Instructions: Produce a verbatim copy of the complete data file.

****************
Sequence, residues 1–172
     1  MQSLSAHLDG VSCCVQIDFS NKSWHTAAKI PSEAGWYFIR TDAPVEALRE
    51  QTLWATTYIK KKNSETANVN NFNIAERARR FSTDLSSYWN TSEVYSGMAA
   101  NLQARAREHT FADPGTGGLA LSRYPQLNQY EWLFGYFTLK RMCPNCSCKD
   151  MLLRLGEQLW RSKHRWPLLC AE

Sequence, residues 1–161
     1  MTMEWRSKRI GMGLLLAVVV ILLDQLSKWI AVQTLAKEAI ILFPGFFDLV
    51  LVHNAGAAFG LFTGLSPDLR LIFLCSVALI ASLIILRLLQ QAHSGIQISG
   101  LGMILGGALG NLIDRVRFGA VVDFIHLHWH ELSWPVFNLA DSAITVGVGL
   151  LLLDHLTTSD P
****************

Sequence, residues 1–172
     1  MQSLSAHLDG VSCCVQIDFS NKSWHTAAKI PSEAGWYFIR TDAPVEALRE
    51  QTLWATTYIK KKNSETANVN NFNIAERARR FSTDLSSYWN TSEVYSGMAA
   101  NLQARAREHT FADPGTGGLA LSRYPQLNQY EWLFGYFTLK RMCPNCSCKD
   151  MLLRLGEQLW RSKHRWPLLC AE

Sequence, residues 1–161
     1  MTMEWRSKRI GMGLLLAVVV ILLDQLSKWI AVQTLAKEAI ILFPGFFDLV
    51  LVHNAGAAFG LFTGLSPDLR LIFLCSVALI ASLIILRLLQ QAHSGIQISG
   101  LGMILGGALG NLIDRVRFGA VVDFIHLHWH ELSWPVFNLA DSAITVGVGL
   151  LLLDHLTTSD P